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Tag Archives: Contemporary Fiction

Book Review: The Hunger Games by Suzanne Collins

The Hunger Games by Suzanne Collins

With all the hype surrounding this book (and soon-to-be movie!) I half expected this book to not live up to expectations. However, I am very pleased to be wrong! It’s a clever, thrilling sci-fi story, with twists and turns that make it impossible to put down. The story itself is like a cross between Stephen King’s Running Man and Battle Royale, with each of 24 children having to kill their opponents until only one is left, watched on TV by the rest of Panem (a post-apocolyptic USA).

Despite being aimed at the ‘Young Adult’ Genre, the writing is so clever and engaging that it’ll clearly appeal to young and old alike. The chacters are well developed, the plot well-paced and constantly interesting and it’s so well written that you believe you could very well be in the forests of the Hunger Games arena. Although the ‘love triangle’ aspect has been done to death in these teen fiction books, it’s done in a more subtler way and the romantic theme is less of a focus than other books of a similar genre.

Onto ‘Catching Fire now’…

5 Stars *****

The Hunger Games by Suzanne Collins on Amazon

Book Review: We All Ran into the Sunlight – Natalie Young

We All Ran into the Sunlight

This book was another of the ‘Spring Sale’ Books I picked up as bargain reading over the Easter Bank Holiday. Having read the reviews, I was looking forward to a mysterious but relaxing ‘holiday read’ – with an average ‘star rating’ on Amazon of almost 5/5 stars at the time of purchase (April2011), I was expecting this to blow me away.

Unfortunately, it didn’t blow me away. It was an enjoyable read and Natalie Young’s writing style has captured beautifully this slow and laid-back village in the South of France, but the story felt like it was lacking something. The novel is based around a chateau in a rural French village. We learn that something terrible happened here on a Summer’s night years ago and as the story unravels we are introduced to the people who used to live in the house. They are all held together in this story by the secrets that they all share about the events up to that night.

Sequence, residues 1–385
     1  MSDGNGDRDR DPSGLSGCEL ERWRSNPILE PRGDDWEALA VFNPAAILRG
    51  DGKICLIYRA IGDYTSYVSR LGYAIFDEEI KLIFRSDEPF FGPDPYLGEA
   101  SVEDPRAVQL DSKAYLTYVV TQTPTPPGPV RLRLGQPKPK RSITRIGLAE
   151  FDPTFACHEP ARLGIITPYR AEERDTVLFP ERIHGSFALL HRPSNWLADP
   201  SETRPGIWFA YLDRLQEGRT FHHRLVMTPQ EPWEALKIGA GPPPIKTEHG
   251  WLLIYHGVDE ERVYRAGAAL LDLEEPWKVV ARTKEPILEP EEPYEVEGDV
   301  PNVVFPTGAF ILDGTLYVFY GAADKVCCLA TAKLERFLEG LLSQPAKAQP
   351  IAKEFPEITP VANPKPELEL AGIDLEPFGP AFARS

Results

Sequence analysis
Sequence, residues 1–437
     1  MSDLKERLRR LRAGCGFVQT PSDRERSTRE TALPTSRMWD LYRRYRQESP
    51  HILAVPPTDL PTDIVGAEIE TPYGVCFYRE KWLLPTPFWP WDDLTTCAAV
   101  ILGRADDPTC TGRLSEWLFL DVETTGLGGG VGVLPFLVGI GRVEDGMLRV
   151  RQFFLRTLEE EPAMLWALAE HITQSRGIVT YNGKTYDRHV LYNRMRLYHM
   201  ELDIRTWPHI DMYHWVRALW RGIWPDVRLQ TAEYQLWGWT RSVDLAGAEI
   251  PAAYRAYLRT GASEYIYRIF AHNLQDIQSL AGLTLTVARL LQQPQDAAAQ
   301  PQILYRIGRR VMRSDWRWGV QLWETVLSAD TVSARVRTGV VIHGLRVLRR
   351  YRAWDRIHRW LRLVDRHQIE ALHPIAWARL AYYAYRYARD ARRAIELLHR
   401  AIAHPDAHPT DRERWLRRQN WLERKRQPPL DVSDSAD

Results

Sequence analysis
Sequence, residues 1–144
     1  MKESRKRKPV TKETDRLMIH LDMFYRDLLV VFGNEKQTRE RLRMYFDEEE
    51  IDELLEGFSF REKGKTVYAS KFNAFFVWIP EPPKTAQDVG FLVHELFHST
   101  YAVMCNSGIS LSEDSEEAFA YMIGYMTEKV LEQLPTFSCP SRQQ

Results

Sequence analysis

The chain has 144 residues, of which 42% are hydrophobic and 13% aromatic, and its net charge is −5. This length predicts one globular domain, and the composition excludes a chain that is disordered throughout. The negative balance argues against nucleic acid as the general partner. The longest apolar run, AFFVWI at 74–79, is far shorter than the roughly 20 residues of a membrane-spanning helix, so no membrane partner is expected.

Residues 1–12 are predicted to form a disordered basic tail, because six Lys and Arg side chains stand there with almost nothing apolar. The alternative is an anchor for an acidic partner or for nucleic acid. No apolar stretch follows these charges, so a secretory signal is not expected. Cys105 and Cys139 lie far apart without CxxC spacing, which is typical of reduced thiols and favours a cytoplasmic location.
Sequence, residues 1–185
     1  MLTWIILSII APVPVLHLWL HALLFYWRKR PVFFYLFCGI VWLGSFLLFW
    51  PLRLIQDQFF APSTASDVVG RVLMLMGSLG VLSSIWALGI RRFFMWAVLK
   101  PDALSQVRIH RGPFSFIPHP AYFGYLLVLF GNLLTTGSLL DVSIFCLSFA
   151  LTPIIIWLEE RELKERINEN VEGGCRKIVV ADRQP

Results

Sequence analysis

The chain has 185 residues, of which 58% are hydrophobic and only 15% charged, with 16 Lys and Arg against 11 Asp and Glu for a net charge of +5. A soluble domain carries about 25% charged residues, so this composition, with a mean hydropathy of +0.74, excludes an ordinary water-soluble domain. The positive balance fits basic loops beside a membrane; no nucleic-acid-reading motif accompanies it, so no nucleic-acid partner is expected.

Each section of the book is a new point of view, following a different character as they are pulled back towards the chateau. I loved this style of story-telling as the reader is introduced to each character individually and we learn how they were affected by the old chateau. While the novel was beautifully written and pulls the reader into this sleepy village, the story itself was a little flat. We know from the beginning that there are secrets surrounding the family who used to live in the house and I was excited to follow the story to find out what exactly had happened all those years ago. But, as the secrets were revealed to us and we learn more about what still haunts the people of the village, I felt there were still unanswered questions and no real closure for the characters.

I feel I am disatisfied with how the characters seemed to ‘move on’ without really dealing with their past and the hold that the chateau had over them, seemed just to tail off towards the end.  However, It’s a beautiful and haunting novel, jumping from characters and periods of time. Young has created a sinister, eerie house, set in a seemingly perfect part of the world. With gossiping villagers and secrets locked up inside the house, it’s easy to become drawn in and want to learn what really happened on that summer’s night years before.

3 Stars ***

We All Ran into the Sunlight on Amazon

Dead To The World: A True Blood Novel